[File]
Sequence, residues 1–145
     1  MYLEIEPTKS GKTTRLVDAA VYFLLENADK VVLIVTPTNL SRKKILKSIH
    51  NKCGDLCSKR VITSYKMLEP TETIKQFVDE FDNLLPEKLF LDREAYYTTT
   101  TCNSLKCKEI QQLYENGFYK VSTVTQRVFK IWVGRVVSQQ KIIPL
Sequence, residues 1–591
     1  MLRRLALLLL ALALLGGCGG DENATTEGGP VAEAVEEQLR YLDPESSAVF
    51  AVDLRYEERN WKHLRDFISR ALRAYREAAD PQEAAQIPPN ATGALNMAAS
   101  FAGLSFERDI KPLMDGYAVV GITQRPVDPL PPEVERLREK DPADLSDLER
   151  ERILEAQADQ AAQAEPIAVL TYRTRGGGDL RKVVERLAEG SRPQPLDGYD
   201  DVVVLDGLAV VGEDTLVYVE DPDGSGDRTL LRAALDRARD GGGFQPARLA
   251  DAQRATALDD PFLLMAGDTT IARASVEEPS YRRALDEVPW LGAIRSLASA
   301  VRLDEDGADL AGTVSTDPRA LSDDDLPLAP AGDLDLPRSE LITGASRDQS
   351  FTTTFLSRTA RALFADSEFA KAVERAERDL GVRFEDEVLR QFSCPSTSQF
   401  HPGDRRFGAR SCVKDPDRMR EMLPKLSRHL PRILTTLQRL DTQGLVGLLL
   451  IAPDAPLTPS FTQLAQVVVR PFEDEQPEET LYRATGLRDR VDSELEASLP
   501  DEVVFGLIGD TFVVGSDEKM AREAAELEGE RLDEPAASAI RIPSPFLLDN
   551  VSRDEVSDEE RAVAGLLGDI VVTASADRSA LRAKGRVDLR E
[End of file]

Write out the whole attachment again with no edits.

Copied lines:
Sequence, residues 1–145
     1  MYLEIEPTKS GKTTRLVDAA VYFLLENADK VVLIVTPTNL SRKKILKSIH
    51  NKCGDLCSKR VITSYKMLEP TETIKQFVDE FDNLLPEKLF LDREAYYTTT
   101  TCNSLKCKEI QQLYENGFYK VSTVTQRVFK IWVGRVVSQQ KIIPL
Sequence, residues 1–591
     1  MLRRLALLLL ALALLGGCGG DENATTEGGP VAEAVEEQLR YLDPESSAVF
    51  AVDLRYEERN WKHLRDFISR ALRAYREAAD PQEAAQIPPN ATGALNMAAS
   101  FAGLSFERDI KPLMDGYAVV GITQRPVDPL PPEVERLREK DPADLSDLER
   151  ERILEAQADQ AAQAEPIAVL TYRTRGGGDL RKVVERLAEG SRPQPLDGYD
   201  DVVVLDGLAV VGEDTLVYVE DPDGSGDRTL LRAALDRARD GGGFQPARLA
   251  DAQRATALDD PFLLMAGDTT IARASVEEPS YRRALDEVPW LGAIRSLASA
   301  VRLDEDGADL AGTVSTDPRA LSDDDLPLAP AGDLDLPRSE LITGASRDQS
   351  FTTTFLSRTA RALFADSEFA KAVERAERDL GVRFEDEVLR QFSCPSTSQF
   401  HPGDRRFGAR SCVKDPDRMR EMLPKLSRHL PRILTTLQRL DTQGLVGLLL
   451  IAPDAPLTPS FTQLAQVVVR PFEDEQPEET LYRATGLRDR VDSELEASLP
   501  DEVVFGLIGD TFVVGSDEKM AREAAELEGE RLDEPAASAI RIPSPFLLDN
   551  VSRDEVSDEE RAVAGLLGDI VVTASADRSA LRAKGRVDLR E